Eva Green tells court: making ‘B movie’ could have killed my career

The actor Eva Green has told a high court case in which she is suing a film company over the collapse of a multimillion-pound independent film that she does not care about fees and lives to make good films, describing them as “my religion”.

Green – who agreed, with a little hesitation, that she was best known for her role in the James Bond film Casino Royale – was giving evidence in the case where she is suing White Lantern Films and SMC Speciality finance for her $1m (£807,000) fee for A Patriot.

The two companies are countersuing, alleging that she pulled out of and breached her contract in relation to the sci-fi film. Their evidence includes vituperative WhatsApp messages, including in which she referred to the film’s executive producer, Jake Seal, and his colleague Terry Bird as, respectively, “pure vomit” and “a fucking moron”.

Appearing as a witness for the first time, Green said on Monday that the script for the film had been “one of the best I have ever read”.

“First of all as an actor it was very exciting. It was the role of a soldier and something I have never played before. Also it was about climate change, which is dear to my heart. So it was very important,” she said.

Under cross-examination by Max Mallin KC, a barrister for the production company, who put it to her that she was interested in the film because it was an opportunity to appear as a “serious actor”, she insisted that this had been the case with her other work.

But she also admitted to expressing fears that the film would become a “B Shitty” movie, telling the court: “When you appear in a B movie you are labelled as a B movie actress. It could kill my career.”

Green, who the court was told had said in her witness statement that she wanted to make “the most brilliant film possible”, disagreed that she would have made the film simply for a million dollars.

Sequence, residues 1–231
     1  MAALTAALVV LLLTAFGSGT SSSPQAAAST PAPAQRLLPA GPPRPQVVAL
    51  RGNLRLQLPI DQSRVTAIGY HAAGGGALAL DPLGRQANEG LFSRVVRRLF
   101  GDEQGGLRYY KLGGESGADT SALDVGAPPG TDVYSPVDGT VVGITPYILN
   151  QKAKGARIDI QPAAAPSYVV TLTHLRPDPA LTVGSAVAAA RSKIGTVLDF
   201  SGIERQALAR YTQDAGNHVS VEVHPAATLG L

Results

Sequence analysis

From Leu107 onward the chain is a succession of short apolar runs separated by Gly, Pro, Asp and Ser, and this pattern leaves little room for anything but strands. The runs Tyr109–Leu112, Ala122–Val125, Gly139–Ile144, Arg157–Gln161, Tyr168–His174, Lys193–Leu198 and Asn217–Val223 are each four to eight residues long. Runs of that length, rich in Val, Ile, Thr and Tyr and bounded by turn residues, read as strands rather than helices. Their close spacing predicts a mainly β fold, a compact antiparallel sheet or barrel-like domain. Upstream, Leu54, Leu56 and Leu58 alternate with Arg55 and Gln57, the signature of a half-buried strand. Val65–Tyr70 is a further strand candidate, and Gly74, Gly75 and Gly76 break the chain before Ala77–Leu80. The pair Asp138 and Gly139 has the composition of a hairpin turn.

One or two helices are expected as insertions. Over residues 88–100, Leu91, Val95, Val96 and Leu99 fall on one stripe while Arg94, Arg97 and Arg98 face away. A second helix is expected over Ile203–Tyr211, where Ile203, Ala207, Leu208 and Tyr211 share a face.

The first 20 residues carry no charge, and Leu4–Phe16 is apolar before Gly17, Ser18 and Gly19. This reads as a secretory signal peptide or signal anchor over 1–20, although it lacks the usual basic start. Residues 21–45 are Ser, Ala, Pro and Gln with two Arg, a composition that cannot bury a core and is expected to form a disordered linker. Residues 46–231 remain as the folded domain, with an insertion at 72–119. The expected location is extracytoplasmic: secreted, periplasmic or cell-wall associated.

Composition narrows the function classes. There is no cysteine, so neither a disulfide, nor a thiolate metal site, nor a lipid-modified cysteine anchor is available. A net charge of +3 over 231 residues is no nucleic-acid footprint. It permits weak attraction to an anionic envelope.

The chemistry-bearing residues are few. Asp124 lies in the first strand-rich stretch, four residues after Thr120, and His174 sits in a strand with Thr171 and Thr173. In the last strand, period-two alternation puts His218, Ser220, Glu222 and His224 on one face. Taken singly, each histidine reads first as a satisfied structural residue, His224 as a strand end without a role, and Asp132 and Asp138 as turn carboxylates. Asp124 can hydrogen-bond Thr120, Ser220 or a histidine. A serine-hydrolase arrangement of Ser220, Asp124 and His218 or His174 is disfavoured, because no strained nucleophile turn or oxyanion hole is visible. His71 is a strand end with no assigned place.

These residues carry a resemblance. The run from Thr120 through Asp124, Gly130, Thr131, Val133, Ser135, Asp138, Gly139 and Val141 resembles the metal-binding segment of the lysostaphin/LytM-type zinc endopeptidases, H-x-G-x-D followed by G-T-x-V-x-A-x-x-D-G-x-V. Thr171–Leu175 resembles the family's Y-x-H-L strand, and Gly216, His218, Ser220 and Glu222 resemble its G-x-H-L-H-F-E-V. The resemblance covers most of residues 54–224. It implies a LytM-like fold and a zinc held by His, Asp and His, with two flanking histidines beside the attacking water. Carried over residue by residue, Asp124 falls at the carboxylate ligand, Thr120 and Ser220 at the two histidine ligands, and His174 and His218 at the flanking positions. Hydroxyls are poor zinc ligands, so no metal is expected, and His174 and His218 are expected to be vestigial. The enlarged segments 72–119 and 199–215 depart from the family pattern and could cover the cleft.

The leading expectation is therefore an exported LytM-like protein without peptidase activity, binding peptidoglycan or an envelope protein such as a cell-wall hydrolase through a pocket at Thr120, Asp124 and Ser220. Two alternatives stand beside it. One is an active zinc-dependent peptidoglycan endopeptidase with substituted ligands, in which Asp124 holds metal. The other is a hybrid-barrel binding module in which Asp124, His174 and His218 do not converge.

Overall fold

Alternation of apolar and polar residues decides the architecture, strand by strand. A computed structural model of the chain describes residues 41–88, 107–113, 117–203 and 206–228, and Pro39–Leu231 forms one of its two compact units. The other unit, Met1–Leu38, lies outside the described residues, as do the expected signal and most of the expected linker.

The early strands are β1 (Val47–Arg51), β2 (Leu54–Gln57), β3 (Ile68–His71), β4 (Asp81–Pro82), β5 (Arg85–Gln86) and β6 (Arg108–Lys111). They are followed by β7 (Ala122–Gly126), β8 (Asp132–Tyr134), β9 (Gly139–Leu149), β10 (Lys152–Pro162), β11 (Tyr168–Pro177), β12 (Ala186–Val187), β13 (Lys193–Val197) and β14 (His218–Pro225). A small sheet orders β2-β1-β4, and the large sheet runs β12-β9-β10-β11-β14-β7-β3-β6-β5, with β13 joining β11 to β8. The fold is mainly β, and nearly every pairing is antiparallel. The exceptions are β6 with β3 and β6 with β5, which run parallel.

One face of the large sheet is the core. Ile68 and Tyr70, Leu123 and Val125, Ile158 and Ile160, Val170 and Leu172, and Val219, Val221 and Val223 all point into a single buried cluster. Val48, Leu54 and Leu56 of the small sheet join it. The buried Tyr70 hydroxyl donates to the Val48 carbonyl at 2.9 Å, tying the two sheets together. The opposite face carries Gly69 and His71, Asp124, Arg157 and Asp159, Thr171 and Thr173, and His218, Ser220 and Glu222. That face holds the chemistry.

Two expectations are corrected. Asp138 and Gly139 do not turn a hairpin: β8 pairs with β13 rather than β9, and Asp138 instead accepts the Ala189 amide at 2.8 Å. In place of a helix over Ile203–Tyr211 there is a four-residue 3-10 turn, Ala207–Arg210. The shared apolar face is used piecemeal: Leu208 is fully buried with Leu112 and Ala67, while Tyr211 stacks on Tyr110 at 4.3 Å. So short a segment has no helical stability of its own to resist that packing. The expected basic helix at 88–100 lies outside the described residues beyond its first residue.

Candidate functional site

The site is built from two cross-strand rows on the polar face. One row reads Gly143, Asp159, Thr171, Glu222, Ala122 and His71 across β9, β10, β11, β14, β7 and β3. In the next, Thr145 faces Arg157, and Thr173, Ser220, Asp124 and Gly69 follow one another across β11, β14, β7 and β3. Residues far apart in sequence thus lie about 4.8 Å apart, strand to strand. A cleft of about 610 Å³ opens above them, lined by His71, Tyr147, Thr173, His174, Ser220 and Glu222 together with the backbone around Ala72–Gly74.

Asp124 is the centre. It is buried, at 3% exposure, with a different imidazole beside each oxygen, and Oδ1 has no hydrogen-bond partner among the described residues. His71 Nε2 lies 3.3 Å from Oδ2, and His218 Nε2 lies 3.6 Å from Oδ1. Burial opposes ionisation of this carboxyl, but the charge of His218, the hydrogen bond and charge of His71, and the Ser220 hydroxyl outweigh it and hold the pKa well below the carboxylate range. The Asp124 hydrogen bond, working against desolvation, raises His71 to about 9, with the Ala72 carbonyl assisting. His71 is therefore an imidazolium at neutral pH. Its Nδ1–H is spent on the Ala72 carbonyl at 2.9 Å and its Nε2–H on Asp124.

“I don’t care about the money. I live to make good films. It’s my religion,” she said.

However, Green said that a turning point came when the director, Dan Pringle, and an executive producer, Adam Seal, “lied” to her about the fact that Irish funding would not be available for the project.

“I felt betrayed and I felt I couldn’t work with people I couldn’t trust,” she said, before going on to insist that she “understood” why she had, in her view, been misled at that point because new sources of funding were coming through.

She described it as a “big kind of lost in translation scenario”.

At the start of the 11-day trial in central London last week, Edmund Cullen KC said the criticisms of his client were unjustified and that A Patriot was a passion project for Green, which she “bent over backwards” to get made.

The counterclaim alleges that Green was “not in any event ready, willing and able to perform her obligation” while conspiring to give the impression that she was, despite having no intention of participating in the version of the film proposed.

Green had entered into negotiations to exchange her fee for the script rights and Mallin told the court her “ultimate aim” was to “produce a different iteration of the film at a later date in a different location and with a different team, and without the involvement of SMC”.


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